First of all, cold outreaches are the hardest way to get new clients, because it's a total numbers game. The more you send, the more likely you'll receive a response from someone.
And it's very time consuming - at least for me! Some people are great at it and send many each week. I, however, should probably be sending more; but I mostly tend to send cold outreaches only to brands I'm really passionate about and whose mission and values align with my own.
And depending on your business, especially as a new or small business, chances are you occasionally have to send a cold email, too. So, considering that sending cold emails is a numbers game, here's how I've been able to make my emails stand out to the receivers.
(Note: I do not have a template. Every email is different, but they typically all contain these components)
1. A brief intro that immediately connects with your reader
I typically start out my cold emails with a brief intro, which may slightly vary at times depending on who I'm sending this email to. So, it'll look something like:
I'm a storyteller and copywriter, who_____"
And this is where I insert the first thing that helps me connect with the reader. That is, I write something related to the brand and shows my genuine interest.
For example, in the cold email that received the positive response, I wrote:
"I’m a copywriter and storyteller, who really wishes you had an office in the South Bay 🤞🏼😄"
And yes, I used emojis in my email!
Then I went on to briefly share why I'm excited about them and wish they had an office in my area.
"I love what you’re doing, providing a wholistic approach to healthcare for women that actually cares, because boy do I understand frustrating visits to doctors’ offices – long waits, dismissiveness."
So you see, right away, they know who I am/what I do, and thus getting an idea of what I'm reaching out about. But more importantly, they know that I really know who they are, and I'm not just sending random cold emails to any old business.
2. Customize your USP
The reason I customize my USP or slightly tweak it with each email, is because I want it to be specific to my audience and I want to trim it down. Plus, sometimes it just requires some tweaking to flow with the rest of the email.
The message of my USP never changes, but the wording may vary.
So in this email, following what I said above, I wrote:
"And as a copywriter, I pride myself on helping my clients grow and build meaningful relationships with their clients through persuasive, personal, and empathetic communication."
Now the reader knows what I do and how I do it.
Sometimes I write in my USP in the first intro sentence, but it really depends on the email.
3. Have a clear ask
Then I get to my reason for reaching out and asked if they happen to be in need of marketing support at this time.
But that's very broad, so as succinctly as possible, I told them that I specialize in email marketing and am experienced in writing full sales funnels. I also mentioned my experience helping clients develop and define their brand voice to ensure clear and consistent messaging, both internally and externally, because brand development is an important service I offer and one that I'm passionate about.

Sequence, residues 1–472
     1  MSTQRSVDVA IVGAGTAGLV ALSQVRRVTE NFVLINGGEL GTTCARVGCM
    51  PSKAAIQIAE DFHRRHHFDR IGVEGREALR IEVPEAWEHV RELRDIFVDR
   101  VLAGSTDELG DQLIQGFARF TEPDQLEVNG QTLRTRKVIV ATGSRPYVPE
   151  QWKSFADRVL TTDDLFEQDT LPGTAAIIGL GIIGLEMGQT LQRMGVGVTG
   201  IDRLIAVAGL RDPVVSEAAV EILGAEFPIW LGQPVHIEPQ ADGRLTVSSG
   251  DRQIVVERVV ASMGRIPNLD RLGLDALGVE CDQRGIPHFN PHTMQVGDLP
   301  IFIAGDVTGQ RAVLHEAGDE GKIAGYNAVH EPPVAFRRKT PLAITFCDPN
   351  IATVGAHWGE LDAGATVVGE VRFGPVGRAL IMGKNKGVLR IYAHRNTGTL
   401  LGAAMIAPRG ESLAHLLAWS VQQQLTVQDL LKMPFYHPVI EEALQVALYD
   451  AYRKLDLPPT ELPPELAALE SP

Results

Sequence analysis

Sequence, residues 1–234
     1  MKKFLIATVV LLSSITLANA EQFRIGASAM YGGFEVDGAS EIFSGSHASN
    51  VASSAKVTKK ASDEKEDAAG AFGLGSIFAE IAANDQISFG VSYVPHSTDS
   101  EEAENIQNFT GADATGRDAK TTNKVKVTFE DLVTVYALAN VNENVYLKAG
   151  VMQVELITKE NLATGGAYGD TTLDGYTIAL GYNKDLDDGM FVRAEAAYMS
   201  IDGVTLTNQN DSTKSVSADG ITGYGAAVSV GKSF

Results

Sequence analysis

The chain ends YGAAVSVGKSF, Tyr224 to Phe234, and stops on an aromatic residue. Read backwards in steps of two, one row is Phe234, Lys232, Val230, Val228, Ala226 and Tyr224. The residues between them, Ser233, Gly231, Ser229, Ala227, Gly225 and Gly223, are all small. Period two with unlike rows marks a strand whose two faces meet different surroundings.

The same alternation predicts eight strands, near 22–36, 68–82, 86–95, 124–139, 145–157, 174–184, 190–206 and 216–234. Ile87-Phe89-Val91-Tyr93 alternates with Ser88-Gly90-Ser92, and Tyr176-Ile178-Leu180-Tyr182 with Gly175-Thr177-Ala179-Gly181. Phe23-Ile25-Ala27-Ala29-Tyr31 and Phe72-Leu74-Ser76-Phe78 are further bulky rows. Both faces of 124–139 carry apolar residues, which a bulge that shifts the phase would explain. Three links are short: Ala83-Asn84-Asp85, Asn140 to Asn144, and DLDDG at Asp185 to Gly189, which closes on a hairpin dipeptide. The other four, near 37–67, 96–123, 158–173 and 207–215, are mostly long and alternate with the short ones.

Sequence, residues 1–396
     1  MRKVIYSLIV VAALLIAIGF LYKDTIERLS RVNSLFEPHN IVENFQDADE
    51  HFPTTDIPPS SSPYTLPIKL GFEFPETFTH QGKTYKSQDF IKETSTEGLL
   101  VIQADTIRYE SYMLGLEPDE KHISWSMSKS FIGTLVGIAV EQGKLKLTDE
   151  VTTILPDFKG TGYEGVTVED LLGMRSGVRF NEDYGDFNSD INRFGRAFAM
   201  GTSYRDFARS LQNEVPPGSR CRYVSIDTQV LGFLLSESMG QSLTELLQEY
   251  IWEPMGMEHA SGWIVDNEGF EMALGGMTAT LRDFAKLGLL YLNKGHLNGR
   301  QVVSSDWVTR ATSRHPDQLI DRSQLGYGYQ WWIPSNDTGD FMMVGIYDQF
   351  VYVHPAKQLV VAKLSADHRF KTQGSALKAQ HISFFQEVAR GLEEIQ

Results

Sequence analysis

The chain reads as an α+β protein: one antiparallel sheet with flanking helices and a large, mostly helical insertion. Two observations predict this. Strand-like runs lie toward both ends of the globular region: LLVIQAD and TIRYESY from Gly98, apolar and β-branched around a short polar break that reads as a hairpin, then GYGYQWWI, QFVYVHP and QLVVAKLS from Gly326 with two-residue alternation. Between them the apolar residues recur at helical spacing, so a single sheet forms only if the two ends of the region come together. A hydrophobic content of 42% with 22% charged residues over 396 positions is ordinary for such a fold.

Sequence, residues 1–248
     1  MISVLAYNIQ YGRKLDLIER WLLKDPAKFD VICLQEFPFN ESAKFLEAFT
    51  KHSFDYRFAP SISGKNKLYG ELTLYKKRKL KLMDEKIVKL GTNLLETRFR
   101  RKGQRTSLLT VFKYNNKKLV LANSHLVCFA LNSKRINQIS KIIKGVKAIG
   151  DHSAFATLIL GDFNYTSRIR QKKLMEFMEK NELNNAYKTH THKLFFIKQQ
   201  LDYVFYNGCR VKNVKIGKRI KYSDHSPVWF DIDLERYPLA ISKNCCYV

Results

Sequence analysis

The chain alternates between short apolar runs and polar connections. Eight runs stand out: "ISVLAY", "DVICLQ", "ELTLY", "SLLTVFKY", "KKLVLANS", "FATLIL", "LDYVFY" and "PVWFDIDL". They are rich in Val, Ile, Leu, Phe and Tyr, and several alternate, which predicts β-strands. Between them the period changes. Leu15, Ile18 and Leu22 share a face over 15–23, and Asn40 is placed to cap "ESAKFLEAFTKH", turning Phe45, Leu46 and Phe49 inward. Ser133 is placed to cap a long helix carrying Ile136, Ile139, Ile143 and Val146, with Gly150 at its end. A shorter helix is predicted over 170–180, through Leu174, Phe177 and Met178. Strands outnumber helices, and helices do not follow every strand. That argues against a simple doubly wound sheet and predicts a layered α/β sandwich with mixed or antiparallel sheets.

This way, they know more specifically what I'm asking and what I can offer.
4. Include a clear call to action
I ask them to let me know if/when they have time to hop on a call to discuss how I may be able to support their marketing needs.
This has to be a clear ask, but I try not to be pushy. From the advice of one copy coach, in the past I've made it even more specific to ask if they have some time "next week" to discuss.
Sometimes this feels too pushy to me, and I'm not sure how comfortable with it I am. If you're comfortable with that, I say go for it. But do what feels right and natural to you...which leads me to the most important thing when it comes to writing cold outreach emails (or any email for that matter).
5. Write in your natural voice
When we first learn how to write letters, sometime in elementary school, we are taught to write very formally. This is good in certain situations, but at other times it's important to show your personality.
So, if someone is receiving a lot of cold emails, most likely many of these are ignored, because they're very generic or they look like spam. In fact, I've received numerous cold emails, too...but to be honest, I'm not sure if they're cold emails or not because they look like spam. They're very generic, nothing tells me they've really done their research on me, and their impersonal.
You can be professional and personal at the same time. So, don't be afraid to show your personality.
6. Say "Thank you"
I always end my emails thanking them for their time and consideration, because it's important to show gratitude when someone takes the time to read your email.
How's your cold email game?
Need email marketing support or help with strategy? Just holler at me! (And by holler at me I mean contact me through email 😉)